What to do when a client doesn’t pay your invoice



What to do when a client doesn’t pay your invoice

What can you do if as a freelancer or small business owner your customer refuse to pay your bill? Learn what you can to do prevent late invoice payments when people delay or refuse to pay.

In an ideal world, all your clients will pay their invoices within your payment terms. But it’s not an ideal world, and sometimes you may come across a late or non-paying client.

So what can you do when someone doesn’t pay your invoice on time or simply refuse to pay altogether? Here are some tips.


Practice good credit control habits

The first rule of handling bad payers is prevention. If you practise good credit control habits, such as setting out your payment terms, and ensuring your client has a copy of them before you start work, it makes it harder for them to renege on payment – especially if their tardiness is simply down to poor financial management on their side.

It also makes it easier for you to chase payment from them and the clients who are just wilfully missing your payment deadline.


Chase invoices politely but persistently

Once an invoice is late, start chasing. Find out the best person to speak to and email to enquire when payment is due to go out. If they don’t reply, or they miss the deadline they reply with, call them. (Always follow any call with an email to them confirming what was agreed so you have a record.)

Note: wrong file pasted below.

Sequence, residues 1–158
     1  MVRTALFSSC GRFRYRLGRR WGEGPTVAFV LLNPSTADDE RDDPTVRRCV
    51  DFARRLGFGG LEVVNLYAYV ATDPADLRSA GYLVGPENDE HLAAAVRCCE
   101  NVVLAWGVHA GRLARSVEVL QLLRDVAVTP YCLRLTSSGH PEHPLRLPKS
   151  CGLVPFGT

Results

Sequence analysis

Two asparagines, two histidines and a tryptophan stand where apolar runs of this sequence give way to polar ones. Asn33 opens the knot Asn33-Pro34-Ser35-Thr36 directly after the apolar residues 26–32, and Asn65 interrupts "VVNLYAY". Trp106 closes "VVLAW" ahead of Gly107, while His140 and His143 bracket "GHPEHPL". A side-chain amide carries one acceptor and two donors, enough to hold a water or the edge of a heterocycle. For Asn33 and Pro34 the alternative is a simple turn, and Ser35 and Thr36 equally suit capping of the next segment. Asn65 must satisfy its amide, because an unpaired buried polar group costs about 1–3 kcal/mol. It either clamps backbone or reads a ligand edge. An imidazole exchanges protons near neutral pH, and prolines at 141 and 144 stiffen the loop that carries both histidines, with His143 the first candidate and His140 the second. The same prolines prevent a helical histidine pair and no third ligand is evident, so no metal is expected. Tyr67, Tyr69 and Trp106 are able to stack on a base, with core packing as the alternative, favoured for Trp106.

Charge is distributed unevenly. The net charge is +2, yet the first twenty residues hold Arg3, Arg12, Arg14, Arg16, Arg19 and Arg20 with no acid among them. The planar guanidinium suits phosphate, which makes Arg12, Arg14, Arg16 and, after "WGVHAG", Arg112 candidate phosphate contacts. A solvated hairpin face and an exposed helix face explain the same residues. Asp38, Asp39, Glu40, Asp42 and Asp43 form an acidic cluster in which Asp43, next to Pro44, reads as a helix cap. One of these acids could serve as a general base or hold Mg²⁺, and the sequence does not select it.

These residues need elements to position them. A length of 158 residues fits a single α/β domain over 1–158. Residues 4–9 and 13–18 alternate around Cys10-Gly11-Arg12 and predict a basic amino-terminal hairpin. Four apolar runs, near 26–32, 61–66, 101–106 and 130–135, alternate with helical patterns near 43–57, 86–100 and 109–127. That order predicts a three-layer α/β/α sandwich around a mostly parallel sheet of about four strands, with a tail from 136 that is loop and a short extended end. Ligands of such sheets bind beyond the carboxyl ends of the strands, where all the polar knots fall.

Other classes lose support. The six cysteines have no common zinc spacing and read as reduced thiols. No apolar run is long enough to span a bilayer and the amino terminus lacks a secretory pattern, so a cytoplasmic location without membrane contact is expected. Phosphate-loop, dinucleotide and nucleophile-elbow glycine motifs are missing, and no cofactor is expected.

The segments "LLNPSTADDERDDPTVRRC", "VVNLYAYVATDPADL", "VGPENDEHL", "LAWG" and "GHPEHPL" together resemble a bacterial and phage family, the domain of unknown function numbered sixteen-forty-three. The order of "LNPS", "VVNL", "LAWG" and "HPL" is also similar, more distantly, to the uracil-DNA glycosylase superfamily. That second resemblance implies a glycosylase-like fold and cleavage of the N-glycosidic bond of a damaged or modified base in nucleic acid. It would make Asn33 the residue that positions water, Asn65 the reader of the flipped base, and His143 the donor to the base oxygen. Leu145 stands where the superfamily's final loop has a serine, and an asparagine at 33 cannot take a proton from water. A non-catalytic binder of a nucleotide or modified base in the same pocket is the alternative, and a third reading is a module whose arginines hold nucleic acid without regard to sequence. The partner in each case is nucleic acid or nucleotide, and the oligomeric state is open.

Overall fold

Be persistent in your chasing, but always be polite. Rudeness isn’t going to get your invoice paid any faster, and could even lose you a client.


Go higher if you have no luck

If your invoice still isn’t any closer to getting paid, or the person you’re speaking to doesn’t have answers, don’t be afraid to go higher. Either speak to someone more senior in accounts, or return to the client who booked the job (or their boss).

Whoever you speak to, be polite but firm and ask for a date by which your payment will go out. As before, always follow up with an email confirming what has been agreed.


Give notice of court action

If you’re not getting anywhere in chasing your money, or your client consistently misses the deadlines they give you, send a polite but firm email or letter giving them seven days notice to pay before you initiate court proceedings to recover your money. Your email should carefully worded and should include penalty for late payment or interest.


Add a late payment charge and interest

As stated above, once an invoice has passed your payment terms you can legally add late payment interest to it. You can also make a fixed late payment charge to cover your costs of recovering the debt.

(If you are adding a late payment charge and interest to an unpaid invoice you will need to send a new invoice to your client showing this.)

You don’t need to threaten court action to add these charges to your invoice – you can include them once your payment terms have been missed.


Take court action

If invoice payment still isn’t made, at the expiration of the notice period, you can approach your lawyers to write them and possibly initiate court proceeding on your behalf. My advice before embarking on this is to sit with your lawyers to estimate the cost of the court process with respect to the invoice amount and determine if the court action is  worth it.


Keep on top of your finances

Hopefully, this will all be a theory lesson that you’ll never need to implement! But if you are unlucky enough to work for a bad client, you now know your rights, and will hopefully get your rightful payment without too many dramas.

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